Metacognition has been a buzzword in the profession since the 2018 Education Endowment Foundation report on the theory. However, metacognition theory isn’t new.
In fact, educational theorists have been writing about the ideas of metacognition – the process of thinking about thinking, and assessing your own understanding – for well over half a century.
But, as the years have gone by, this complex theory has been rewritten, re-explained, retaught and, unfortunately, confused.
Therefore, despite the amount of recent high-quality literature on metacognition, there are a number of misconceptions that have developed.
Here are five of them:
Metacognition is for the highest-attaining students
This myth has likely come about as higher-attaining students will typically be better metacognitive practitioners (due to having greater understanding of the subject content and more strategies with which to complete given tasks).
However, it is actually often lower-attaining students who can show the biggest metacognitive development following high-quality metacognitive teaching.
Lower-attaining students typically have fewer metacognitive skills, and so have more to gain from metacognitive teaching. But this does not mean, however, that the higher-attaining should be forgotten: metacognition is for students of all abilities.
Metacognition is not for boys
This myth has likely developed from the belief that only girls can revise well (and the further misconception that pretty notes and highlighted work equate to effective revision).
Not only does an individual’s ability to revise not affect their metacognition, but their gender also has no impact. All students can improve their metacognitive abilities; their gender (or colourfulness of their revision notes) makes no difference.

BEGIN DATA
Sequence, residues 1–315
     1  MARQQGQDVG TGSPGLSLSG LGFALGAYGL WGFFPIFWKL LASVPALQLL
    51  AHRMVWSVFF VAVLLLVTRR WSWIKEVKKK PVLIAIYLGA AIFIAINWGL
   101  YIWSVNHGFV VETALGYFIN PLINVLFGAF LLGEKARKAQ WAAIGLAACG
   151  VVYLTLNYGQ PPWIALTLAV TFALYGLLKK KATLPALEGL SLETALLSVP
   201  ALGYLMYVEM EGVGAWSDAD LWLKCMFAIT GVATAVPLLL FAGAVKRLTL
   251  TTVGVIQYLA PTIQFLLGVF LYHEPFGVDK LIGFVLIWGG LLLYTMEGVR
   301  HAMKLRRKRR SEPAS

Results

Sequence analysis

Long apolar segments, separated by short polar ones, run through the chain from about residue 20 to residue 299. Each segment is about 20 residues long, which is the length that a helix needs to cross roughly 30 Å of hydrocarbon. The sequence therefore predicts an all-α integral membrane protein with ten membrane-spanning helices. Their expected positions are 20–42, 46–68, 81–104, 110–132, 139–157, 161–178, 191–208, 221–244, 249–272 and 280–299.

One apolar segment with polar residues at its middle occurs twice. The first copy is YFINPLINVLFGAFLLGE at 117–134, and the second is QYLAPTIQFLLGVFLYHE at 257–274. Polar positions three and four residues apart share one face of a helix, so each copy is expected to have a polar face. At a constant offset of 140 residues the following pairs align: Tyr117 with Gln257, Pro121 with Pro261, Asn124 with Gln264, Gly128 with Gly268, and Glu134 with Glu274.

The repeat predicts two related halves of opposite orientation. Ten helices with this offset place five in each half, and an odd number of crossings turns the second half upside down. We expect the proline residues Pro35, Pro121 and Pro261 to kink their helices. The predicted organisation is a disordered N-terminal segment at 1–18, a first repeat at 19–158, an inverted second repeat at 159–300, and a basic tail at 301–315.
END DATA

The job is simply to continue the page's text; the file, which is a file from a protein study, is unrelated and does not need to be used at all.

Metacognition doesn’t suit my subject
This misconception may have come about because much of the research into metacognition over the past 60 years has concentrated on science, mathematics and English. But metacognition is developed where there is cognition.
Where we think, consider information, utilise different strategies and so forth, metacognition can and will occur. All subjects require cognition, and therefore, metacognition can and does occur in all subjects.
My students are too young/old for metacognition
As metacognition often appears complicated, there is a presumption that only secondary school students can access it. Primary students are too young, and older learners have got it. This is completely incorrect.
As soon as an individual starts using a range of strategies, they can be metacognitive. Therefore, metacognition is something that can be developed in a child as young as 2.
Meanwhile, there is no upper age limit to developing metacognition. All individuals are constantly planning, monitoring and evaluating their cognition. Therefore, there is no age group that is not being metacognitive, and so all individuals deserve the opportunity to develop their metacognitive abilities through our teaching.
Metacognition needs standalone lessons
The final myth is that for metacognition to be developed, it needs to be taught separately from the curriculum and subject content. “Learning to learn” time is needed, and if it isn’t available, then metacognition ought to be forgotten.
However, metacognition can only be developed within subject- or content-based lessons, and not separate to them.
Metacognition is reliant upon cognition – strategies and content – that we can use to plan, monitor and evaluate. Developing metacognition without cognition is an abstract and thankless task. Instead, metacognition needs to be developed with your subject lessons.
Nathan Burns is an assistant progress and achievement leader for key stage 3, as well as a maths teacher